• Every member of the investigating team must understand the importance of NOT sharing information with friends, family, third parties or members of the public.
  • The privacy and security of the data must be stored and managed to maintain confidentiality.

Initial Contact – Identifying the Witness

The first step is contacting a potential witness. During the first contact, it is imperative that the witness understands the purpose of the contact, the purpose of CFTJ and the purpose of their testimony. The investigator must not use undue pressure to secure a witness, but rather explain why their testimony is important and what it could be used for in the future. A witness must agree to meet with investigators voluntarily, willingly and knowingly. Once consent is achieved, a time and location is designated to meet. CFTJ encourages investigators to meet with witnesses at the witness’s own home or workplace and not in a designated office or environment that is not indicative of their current living conditions.

The investigator must also explain that the witness must be alone and not surrounded by friends, family or neighbors when being interviewed. This is for purposes of confidentiality and to ensure that the testimony is credible and reliable. The presence of others in the room will inadvertently influence the witness and the way they tell their story. This must be avoided.

Witnesses under the age of 18 are not to be interviewed. If there is a critical need for the testimony of a minor, the minor’s parent(s) must agree and consent. If the witness is under the age of 18, specific guidelines must be adhered to in order to establish that the minor is competent, understands the proceedings, understands the difference between a truth and a lie and can give an accurate account of events.

If an investigator has a relationship with a witness (I.E., relatives, friends, knowledge through reputation), the investigator must not conduct that interview but rather pass on the information to CFTJ for a new investigator to be assigned.

During the first contact, whether in person or telephonically, the investigator is to ask general questions to verify that the potential witness falls into a designated category of interest: victim of war crimes; displaced peoples; eye-witness to war crimes; prisoner of war; a family member of a loved one who is missing in action; a family member of deceased whose body was violated and/or mutilated; member of a church that was targeted; community leaders that represent their countrymen who were all displaced; among others.

This initial contact is documented in Form #1 by the investigator making the call. Preserving the evidence and investigation collection protocols apply to both pre-collection and post-collection evidence.

Once a witness has been identified, an investigator fills out the form Key Card, which has its own unique number to be used to refer to the witness to protect the identity of the witness. This is the Key Card Number of the witness. A Key Card Number is a confidential and unique number assigned to a witness so that the witness’s actual name is never used. Only the Key Card shows the witness’s name and corresponding number. The Key Card must be kept confidential and never referred to unless necessary for identification purposes. The Key Card Number is what will be used throughout the investigation of the case as referenced in each form.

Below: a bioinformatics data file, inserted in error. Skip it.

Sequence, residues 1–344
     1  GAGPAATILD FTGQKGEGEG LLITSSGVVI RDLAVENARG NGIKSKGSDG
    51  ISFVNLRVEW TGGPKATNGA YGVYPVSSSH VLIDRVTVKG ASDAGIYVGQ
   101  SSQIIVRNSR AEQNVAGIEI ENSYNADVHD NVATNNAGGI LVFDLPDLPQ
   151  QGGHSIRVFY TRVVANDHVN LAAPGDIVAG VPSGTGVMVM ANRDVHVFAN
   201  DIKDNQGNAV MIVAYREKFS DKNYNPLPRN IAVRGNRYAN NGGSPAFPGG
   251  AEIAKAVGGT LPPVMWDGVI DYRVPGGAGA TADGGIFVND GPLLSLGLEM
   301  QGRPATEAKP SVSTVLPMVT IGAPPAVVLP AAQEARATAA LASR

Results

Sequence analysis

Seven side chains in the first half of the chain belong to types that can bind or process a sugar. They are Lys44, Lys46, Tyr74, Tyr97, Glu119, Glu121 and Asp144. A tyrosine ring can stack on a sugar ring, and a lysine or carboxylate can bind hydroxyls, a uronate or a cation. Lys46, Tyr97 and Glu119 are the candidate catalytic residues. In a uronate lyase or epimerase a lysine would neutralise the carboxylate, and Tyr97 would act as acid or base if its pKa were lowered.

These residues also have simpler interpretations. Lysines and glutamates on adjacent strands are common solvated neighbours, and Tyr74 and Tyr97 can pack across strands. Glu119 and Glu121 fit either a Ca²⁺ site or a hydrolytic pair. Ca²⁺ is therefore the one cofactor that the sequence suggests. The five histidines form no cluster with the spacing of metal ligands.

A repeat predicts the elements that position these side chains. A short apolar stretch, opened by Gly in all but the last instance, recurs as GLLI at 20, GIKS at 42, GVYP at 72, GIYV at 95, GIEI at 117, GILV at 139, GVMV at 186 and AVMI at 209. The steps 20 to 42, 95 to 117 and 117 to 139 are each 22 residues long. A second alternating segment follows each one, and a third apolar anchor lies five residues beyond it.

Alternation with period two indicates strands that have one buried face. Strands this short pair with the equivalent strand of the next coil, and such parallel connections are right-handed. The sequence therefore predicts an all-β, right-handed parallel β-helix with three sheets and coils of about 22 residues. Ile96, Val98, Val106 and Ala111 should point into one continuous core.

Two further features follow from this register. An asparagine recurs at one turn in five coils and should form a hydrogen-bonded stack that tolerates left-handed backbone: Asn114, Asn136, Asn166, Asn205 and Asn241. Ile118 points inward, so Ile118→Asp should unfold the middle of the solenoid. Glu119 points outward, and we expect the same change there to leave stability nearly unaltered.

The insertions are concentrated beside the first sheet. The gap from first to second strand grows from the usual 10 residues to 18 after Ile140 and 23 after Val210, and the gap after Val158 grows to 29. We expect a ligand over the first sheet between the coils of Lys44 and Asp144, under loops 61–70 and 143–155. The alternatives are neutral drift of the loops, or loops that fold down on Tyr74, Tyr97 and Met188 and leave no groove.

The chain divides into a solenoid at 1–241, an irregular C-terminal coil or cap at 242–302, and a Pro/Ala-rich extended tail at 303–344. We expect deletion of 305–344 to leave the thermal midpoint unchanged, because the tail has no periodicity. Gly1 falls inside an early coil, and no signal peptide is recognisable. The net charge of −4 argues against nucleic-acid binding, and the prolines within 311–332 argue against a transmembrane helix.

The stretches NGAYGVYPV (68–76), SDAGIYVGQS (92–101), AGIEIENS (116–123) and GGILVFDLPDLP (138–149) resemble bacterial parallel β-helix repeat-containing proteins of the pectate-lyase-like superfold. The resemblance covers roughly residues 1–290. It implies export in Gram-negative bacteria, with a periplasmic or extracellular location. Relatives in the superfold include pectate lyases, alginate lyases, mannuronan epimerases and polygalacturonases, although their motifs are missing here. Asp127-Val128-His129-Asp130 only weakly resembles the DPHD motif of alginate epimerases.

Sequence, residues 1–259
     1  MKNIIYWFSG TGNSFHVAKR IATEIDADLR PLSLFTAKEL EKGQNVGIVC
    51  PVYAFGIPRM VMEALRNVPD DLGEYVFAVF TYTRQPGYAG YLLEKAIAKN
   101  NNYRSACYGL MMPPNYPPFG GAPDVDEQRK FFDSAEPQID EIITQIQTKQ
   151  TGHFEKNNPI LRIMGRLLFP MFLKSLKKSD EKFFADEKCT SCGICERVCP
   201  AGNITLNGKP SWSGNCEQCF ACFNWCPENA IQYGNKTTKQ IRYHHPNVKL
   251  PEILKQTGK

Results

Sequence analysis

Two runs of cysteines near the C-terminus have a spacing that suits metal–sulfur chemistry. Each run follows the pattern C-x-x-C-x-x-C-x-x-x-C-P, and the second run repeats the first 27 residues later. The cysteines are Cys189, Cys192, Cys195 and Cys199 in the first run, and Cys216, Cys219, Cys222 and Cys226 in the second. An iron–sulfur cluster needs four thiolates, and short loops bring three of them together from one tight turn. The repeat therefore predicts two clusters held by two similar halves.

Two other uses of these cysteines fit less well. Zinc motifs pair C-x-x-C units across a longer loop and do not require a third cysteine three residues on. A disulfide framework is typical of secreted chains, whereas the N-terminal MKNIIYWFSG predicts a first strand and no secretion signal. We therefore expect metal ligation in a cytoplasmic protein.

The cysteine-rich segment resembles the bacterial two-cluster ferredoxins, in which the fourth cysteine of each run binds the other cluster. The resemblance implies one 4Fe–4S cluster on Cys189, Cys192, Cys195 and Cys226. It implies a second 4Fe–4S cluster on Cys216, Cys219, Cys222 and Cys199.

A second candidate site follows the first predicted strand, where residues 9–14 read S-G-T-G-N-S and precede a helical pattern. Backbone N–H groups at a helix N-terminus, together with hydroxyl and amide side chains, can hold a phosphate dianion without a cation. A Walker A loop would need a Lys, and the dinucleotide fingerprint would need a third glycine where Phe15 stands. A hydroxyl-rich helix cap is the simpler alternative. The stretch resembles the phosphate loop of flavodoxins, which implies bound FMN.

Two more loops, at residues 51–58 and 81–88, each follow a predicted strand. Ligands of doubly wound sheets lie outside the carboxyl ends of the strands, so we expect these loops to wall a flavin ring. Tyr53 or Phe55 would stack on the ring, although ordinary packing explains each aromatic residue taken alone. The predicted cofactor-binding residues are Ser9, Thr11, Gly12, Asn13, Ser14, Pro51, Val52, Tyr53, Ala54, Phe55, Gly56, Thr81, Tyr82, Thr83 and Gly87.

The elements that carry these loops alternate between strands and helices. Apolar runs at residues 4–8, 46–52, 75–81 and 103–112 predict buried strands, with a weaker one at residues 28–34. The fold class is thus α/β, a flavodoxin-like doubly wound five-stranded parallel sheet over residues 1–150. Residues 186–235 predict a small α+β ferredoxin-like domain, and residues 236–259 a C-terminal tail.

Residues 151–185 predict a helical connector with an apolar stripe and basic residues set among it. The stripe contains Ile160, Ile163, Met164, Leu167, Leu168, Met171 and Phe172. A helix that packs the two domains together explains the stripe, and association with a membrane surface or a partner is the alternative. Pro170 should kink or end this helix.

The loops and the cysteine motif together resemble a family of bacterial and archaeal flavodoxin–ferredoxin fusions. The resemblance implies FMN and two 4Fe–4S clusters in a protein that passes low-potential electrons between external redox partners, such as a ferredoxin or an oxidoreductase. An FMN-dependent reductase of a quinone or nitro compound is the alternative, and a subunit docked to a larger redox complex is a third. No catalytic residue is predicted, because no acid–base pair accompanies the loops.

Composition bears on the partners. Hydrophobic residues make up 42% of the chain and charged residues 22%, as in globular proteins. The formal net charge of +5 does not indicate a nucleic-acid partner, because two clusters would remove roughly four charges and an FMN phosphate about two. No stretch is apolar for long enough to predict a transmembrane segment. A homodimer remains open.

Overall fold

Investigators must also, begin a Log Activity Sheet and register every activity related to the gathering of evidence. All logs must specify the date and the name of the investigators carrying out the activity with a brief description of the activity.

Meeting the Witness to Record their Testimony

Investigators must spend a substantial period of time with the witness, in their environment where the interview is to take place to get to know them, as well as introduce the organization and its purpose. This creates trust and a working relationship. Prior to recording the investigators must inform the witness of the purpose and content of the investigation, the meaning of confidentiality and how it applies, the procedure, use and disclosure of information, and the risks and benefits of participation. Witnesses will have many questions, be prepared to be forthcoming and honest with them.

Before Beginning the Interview

  • Form #2 is used to obtain informed consent and the witness must initial each paragraph and sign at the end of the form. It is not imperative that the witness agrees to every part of the consent form.
  • Informed consent:
    • The witness, or anyone else who is providing the information, must be informed about, understand and agree to the following:
      • Purpose and content of the investigation;
      • Meaning of confidentiality and how it applies;
      • The procedure, use and disclosure of information; and
      • Risks and benefits of participation.
    • Informed consent is a critical requirement – witnesses must give their informed consent to be interviewed, to have their personal information recorded or shared or to be referred to any support services.
    • This is a fundamental ethical obligation – it allows witnesses to maintain a sense of control, prioritizes their consent and respects their rights and wishes.
    • Informed consent may also be a legal requirement in some jurisdictions – to prove that the witness fully understood the process and was not acting under duress or coercion.
    • Investigators must take the time to explain fully and clearly any issue relevant to the witness:
      • Who the investigators are and their roles;
      • Purpose of the investigation and collection of documentation;
      • Possible use of information – in court by way of testimony; and
      • Types of questions to be asked.
  • Investigators must explain to the witness that all information gathered will be confidential and stored and preserved accordingly.